- Florida’s aggressive efforts to curb illegal immigration are being outpaced by a projected rise in the usage of social services by immigrants lacking permanent legal status.
- The State Legislature’s Office of Economic and Demographic Research predicts a trend of increasing caseloads and expenditures on undocumented immigrants for the next four years.
- Despite a 520 percent increase last year, and a projected 40 percent increase this year, Florida’s economy is expected to thrive, with low unemployment rates and a budget surplus.
Even in the face of Florida’s aggressive efforts to curb illegal immigration, the State Legislature’s Office of Economic and Demographic Research (EDR) is nevertheless predicting a rising trend in the usage of Florida’s social services by immigrants lacking permanent legal status. The projected trend, which is expected to continue for the next four years, appears to be outpacing attempts by GOP lawmakers and Governor Ron DeSantis to limit unlawful immigration.
DeSantis signed Senate Bill 1718 into law this year that included a number of provisions aimed at curbing some of the lucrative perks provided to undocumented immigrants, including special driver licenses and other forms of ID. At the same time, the bill requires hospitals to collect immigration status information from patients, while also blocking economic development funds from any organization that knowingly hires undocumented workers. The law also expanded the use of E-Verify for certain employers who must validate the citizenship status of all employees.
But despite those aggressive tactics, the policy wonks who provide economic and demographic data to state lawmakers concluded it won’t be enough to stem the tide – even with the added benefit of an expected flourishing economy. A sister organization, the Social Services Estimating Conference, echoed the EDR’s forecast, predicting higher overall caseloads and expenditures on undocumented immigrants for the next four years before the situation is expected to stabilize in fiscal 2027-28. From the report:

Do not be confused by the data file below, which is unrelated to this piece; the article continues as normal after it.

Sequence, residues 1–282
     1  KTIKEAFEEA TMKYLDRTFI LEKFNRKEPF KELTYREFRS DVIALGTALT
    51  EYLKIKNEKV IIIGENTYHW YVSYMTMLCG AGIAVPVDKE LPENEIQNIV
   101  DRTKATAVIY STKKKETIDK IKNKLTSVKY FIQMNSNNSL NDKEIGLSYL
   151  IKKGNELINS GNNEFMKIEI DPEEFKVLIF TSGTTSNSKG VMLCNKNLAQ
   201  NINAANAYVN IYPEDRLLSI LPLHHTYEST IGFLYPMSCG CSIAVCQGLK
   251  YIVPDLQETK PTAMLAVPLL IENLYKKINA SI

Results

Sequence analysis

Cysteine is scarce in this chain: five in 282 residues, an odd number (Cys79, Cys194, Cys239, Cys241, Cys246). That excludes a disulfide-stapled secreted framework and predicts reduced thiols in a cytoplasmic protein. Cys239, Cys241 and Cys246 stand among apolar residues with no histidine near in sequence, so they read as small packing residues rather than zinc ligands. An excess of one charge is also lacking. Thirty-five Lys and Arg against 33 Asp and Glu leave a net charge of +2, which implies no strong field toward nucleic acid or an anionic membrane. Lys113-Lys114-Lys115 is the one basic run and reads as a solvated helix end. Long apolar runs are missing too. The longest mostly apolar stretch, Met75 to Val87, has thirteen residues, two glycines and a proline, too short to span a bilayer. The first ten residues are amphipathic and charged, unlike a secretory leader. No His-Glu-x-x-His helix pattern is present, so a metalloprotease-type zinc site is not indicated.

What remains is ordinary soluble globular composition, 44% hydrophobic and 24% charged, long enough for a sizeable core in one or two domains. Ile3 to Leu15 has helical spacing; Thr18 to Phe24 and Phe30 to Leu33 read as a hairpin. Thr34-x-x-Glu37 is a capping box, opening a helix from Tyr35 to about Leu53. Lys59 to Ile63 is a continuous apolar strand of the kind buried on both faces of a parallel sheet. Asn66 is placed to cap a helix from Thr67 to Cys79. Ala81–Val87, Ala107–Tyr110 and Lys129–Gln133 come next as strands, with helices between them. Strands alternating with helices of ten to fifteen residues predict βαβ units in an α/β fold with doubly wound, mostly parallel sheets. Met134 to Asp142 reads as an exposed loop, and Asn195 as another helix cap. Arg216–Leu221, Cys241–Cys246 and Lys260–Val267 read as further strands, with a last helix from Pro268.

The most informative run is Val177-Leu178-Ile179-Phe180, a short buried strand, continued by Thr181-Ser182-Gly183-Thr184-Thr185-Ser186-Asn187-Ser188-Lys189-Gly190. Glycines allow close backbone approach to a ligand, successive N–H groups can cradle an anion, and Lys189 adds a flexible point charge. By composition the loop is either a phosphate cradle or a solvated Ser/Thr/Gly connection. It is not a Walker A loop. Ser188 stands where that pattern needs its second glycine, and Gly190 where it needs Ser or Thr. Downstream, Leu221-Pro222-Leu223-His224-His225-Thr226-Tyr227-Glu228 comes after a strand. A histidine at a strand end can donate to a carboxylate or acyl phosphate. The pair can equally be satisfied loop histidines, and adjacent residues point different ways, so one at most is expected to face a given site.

The caseload for the Unemployed Parent program was increased significantly in the near term to account for the sharp rise in non-citizen applicant activity. While the prior conference took account of increasing activity, application rates for non-citizens since then have risen at a much higher rate than expected.
The newest projections show an expected caseload increase of about 42 percent – and that’s on top of last year’s explosion of over 520 percent last year.
Despite the rising challenges that will eat into the state budget, Florida’s economy continues to outperform national averages. The state’s unemployment rate is 2.6% as of May 2023, notably lower than the national average of 3.5%. Florida also enjoys a current surplus of around $20 billion in a $1 trillion economy, leading to one of the lowest debt per capita rates in the U.S.